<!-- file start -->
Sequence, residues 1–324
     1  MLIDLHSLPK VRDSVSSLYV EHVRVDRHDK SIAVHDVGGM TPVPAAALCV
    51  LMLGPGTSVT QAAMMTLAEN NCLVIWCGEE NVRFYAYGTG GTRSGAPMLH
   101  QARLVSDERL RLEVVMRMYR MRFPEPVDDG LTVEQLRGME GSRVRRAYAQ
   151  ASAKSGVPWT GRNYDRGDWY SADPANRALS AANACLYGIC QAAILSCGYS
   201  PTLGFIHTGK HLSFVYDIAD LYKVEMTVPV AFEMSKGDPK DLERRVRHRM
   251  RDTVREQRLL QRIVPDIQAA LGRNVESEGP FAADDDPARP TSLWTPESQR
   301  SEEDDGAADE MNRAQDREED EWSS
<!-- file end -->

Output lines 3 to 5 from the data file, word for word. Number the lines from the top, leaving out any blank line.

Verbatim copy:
    51  LMLGPGTSVT QAAMMTLAEN NCLVIWCGEE NVRFYAYGTG GTRSGAPMLH
   101  QARLVSDERL RLEVVMRMYR MRFPEPVDDG LTVEQLRGME GSRVRRAYAQ
   151  ASAKSGVPWT GRNYDRGDWY SADPANRALS AANACLYGIC QAAILSCGYS